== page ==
India’s economic policy and processes over the years have been operating in such skewered way that it kept out the majority out of its benefits and helped a few, according to the recently released India Exclusion Report 2015, prepared by the New Delhi based Centre for Equity Studies and its partner organisations and experts. It further points out how deprivation along with dehumanisation makes a deadly cocktail for India’s three fourth populations to eke out an inglorious everyday of stigma, humiliation and worst forms of human rights violations.
Ensuring inclusion has been a constant feature in agenda of policymakers in India. However, the evidence generally shows further widening of inequalities and lack of inclusion in terms of most important social and economic outcomes.
This tardy performance stems not only out of lack of genuine political will (although that is certainly a factor), but also because the nature of inclusion—or, more importantly, exclusion—has not been studied and understood adequately -- resulting in even well intentional policies missing the mark completely. There is, of course, the basic problem that economic policies and processes continue to operate in ways that both rely upon and increase inequality and lack of voice of major groups and social categories. But there is also a genuine lack of understanding of the complex yet intertwined nature of exclusion in its various manifestations.
Focusing on three essential “public goods” -- urban health; urban water and sanitation; and access to equal and dignified work for women, the report points out that disadvantaged sections of the population -- women, Dalits, Adivasis, Muslims, persons with disabilities, and persons with age-related vulnerabilities are most among the excluded.
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It further points out that while urban areas in general have more extensive health services than rural areas, access to adequate health care is significantly lower for the urban poor, with poor working and housing conditions (and particularly the homeless) may have hardly any access at all. They are also much more likely to have lower or no access to basic drinking water and sanitation.
The homeless, obviously, are not only the most destitute but also the most deprived of access to minimum “public goods” because of the residence-based nature of all public service delivery. They, and among them especially street children, are often excluded completely from any kind of health care. They are more likely to be trapped in low-end jobs with unsafe, unhealthy and debilitating working conditions. Their access to water and sanitation services is hugely inadequate to ensure good health, and they are typically forced to drink non-potable water, often fetched over long distances, and defecate in the open or use poorly maintained public toilets without running water and with little privacy or security.
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The report highlights how working women face particularly adverse forms of exclusion, and they are mostly those who face some of the multiple deprivations already outlined. Within the broad category, some specific forms of work that are particularly oppressive are highlighted, such as manual scavenging (the dominant part of which is performed by women) and hazardous occupations such as construction or mining, where they are also paid significantly less than men.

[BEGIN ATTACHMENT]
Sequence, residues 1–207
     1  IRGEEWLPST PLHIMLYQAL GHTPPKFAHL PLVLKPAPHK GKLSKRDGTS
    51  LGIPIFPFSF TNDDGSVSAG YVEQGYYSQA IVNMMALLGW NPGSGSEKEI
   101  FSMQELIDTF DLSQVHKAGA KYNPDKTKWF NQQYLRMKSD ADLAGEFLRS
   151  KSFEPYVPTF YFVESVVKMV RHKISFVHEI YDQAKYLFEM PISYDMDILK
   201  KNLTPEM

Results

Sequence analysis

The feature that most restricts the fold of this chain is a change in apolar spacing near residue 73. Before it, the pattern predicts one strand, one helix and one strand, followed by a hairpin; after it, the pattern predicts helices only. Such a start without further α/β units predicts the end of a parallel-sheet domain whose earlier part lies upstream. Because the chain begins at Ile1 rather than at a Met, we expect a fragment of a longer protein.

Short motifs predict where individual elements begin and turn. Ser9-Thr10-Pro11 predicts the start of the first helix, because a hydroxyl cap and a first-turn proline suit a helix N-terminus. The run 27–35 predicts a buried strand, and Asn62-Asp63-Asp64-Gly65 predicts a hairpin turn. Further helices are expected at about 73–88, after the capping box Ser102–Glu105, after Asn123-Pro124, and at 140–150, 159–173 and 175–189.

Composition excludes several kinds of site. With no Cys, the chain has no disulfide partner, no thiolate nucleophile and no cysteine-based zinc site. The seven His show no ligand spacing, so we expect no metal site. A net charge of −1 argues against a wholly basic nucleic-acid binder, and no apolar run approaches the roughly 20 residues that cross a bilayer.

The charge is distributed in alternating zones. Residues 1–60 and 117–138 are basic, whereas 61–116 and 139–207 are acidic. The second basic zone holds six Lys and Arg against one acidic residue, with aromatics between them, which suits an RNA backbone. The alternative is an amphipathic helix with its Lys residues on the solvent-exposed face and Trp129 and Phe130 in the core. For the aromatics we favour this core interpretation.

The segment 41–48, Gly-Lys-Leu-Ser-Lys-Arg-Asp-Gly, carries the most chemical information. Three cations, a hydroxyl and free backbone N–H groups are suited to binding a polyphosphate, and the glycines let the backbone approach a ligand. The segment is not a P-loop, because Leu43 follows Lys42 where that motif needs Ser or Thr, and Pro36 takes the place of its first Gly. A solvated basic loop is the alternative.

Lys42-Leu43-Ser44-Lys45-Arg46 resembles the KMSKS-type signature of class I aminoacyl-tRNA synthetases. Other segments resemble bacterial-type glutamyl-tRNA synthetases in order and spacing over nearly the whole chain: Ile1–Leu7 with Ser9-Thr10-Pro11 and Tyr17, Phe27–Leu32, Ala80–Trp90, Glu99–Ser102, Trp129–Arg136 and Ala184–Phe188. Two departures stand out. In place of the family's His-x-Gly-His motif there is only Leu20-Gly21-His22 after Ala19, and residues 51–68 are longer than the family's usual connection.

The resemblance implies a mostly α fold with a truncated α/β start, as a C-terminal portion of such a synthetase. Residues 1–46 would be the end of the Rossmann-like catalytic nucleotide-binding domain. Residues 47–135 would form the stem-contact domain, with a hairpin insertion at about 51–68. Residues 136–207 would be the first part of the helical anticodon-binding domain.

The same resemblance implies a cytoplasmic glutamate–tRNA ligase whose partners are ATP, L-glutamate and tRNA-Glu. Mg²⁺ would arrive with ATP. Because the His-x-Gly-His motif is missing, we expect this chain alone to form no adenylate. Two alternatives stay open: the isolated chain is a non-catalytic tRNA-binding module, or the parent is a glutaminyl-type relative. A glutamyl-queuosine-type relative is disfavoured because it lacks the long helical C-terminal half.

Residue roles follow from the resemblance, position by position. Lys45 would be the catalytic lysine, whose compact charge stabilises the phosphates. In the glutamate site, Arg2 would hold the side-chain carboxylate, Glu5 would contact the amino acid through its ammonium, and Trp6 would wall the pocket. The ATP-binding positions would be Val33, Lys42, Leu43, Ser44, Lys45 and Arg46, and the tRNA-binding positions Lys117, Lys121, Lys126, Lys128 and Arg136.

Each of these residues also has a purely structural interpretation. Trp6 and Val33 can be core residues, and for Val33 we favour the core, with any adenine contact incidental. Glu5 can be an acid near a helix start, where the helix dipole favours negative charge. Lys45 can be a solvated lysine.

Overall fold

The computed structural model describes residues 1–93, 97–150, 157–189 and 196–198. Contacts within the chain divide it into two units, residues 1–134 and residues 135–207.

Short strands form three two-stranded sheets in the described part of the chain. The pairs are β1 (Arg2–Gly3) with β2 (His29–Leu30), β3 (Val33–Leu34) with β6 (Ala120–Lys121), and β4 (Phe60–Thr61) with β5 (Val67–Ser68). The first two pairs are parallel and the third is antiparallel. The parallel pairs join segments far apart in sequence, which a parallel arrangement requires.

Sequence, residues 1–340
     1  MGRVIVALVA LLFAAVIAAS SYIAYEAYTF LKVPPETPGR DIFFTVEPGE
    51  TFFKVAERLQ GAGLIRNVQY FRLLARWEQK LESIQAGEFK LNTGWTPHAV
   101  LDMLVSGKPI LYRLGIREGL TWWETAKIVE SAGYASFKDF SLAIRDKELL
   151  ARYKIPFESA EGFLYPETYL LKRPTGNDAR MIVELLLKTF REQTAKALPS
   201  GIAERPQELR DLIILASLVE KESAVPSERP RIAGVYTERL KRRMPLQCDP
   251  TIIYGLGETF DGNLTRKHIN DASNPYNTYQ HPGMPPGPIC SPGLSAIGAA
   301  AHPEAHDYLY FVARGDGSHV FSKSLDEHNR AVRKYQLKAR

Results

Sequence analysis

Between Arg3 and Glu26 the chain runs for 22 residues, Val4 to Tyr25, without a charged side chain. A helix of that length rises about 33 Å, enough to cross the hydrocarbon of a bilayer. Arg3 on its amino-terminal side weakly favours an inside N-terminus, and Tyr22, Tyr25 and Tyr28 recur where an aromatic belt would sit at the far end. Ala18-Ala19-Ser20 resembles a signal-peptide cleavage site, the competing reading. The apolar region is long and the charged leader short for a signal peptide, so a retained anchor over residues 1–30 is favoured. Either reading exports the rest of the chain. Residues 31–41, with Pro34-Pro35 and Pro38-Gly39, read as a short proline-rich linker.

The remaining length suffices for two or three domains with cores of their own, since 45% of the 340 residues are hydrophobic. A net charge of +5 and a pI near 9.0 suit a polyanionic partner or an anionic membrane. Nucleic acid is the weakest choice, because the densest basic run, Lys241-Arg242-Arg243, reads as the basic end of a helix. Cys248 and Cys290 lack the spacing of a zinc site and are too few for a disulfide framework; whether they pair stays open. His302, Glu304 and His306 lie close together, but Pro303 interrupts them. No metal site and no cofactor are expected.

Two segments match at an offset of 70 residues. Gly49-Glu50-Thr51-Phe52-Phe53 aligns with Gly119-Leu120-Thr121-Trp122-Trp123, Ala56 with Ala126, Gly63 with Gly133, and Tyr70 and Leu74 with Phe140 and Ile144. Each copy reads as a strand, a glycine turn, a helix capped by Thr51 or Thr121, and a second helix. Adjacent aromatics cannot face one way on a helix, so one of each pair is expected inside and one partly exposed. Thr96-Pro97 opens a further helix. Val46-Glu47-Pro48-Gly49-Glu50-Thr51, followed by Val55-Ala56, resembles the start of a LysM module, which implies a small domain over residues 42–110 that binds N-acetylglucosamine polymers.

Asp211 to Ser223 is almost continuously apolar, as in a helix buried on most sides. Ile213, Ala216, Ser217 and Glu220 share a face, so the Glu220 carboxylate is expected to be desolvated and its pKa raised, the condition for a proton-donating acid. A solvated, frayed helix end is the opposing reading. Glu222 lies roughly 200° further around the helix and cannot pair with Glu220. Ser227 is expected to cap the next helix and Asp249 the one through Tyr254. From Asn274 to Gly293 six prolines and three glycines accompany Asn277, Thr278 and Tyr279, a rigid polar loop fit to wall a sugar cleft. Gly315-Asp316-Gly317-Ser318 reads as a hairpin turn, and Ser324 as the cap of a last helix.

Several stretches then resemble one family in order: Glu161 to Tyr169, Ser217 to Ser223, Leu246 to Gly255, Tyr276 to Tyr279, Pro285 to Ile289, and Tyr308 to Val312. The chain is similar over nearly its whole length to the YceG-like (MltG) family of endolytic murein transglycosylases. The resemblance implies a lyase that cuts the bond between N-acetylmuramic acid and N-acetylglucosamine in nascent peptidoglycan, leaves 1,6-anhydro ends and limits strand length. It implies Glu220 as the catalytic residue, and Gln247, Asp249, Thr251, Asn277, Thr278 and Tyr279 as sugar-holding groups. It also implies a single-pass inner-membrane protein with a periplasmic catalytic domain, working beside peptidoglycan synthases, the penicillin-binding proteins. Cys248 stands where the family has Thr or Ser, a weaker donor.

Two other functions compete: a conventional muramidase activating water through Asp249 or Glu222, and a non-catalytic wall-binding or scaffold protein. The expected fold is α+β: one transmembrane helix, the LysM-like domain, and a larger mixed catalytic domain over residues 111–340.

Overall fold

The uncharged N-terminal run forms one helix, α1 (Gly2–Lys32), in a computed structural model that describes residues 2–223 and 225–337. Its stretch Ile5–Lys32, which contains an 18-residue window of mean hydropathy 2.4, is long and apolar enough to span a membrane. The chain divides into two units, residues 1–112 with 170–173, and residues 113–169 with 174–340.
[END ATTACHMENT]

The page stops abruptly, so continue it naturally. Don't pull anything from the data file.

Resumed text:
Some attention is paid to especially vulnerable groups that are often ignored in the wider discourse. The first is single women above the age of 35 years, a porous and heterogenous category that is nonetheless profoundly unsettling for society and that often faces dramatic expressions of patriarchy through neglect or open oppression. State action, including both the design and the implementation of government policies, often reinforces and intensifies the social and economic exclusions that single women have to deal with.
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A really pathetic and stressing story emerges from the account of the Devadasis still found in Karnataka, Andhra Pradesh, Tamil Nadu and the Travancore region of Kerala. Despite being legally banned, clandestine practice was found even in early 2015, and the practice has mutated in different ways, but still remains as oppressive and akin to a form of sexual slavery with little agency or autonomy for the children and women who are victims of the practice.
The report also examines some other specific cases of exclusion defined in the larger sense, such as victims of communal violence (with focus on survivors of communal violence in Muzaffarnagar and Shamli districts of Uttar Pradesh and of the recurring incidents of mass violence in the Bodo Territorial Autonomous District region of Assam). The case of the tiny group of Jarawa (or Ang) tribal people in the Andaman Islands raises more complex issues of how their very survival is threatened by active contact with the wider world, which is generally insensitive to their needs and conditions.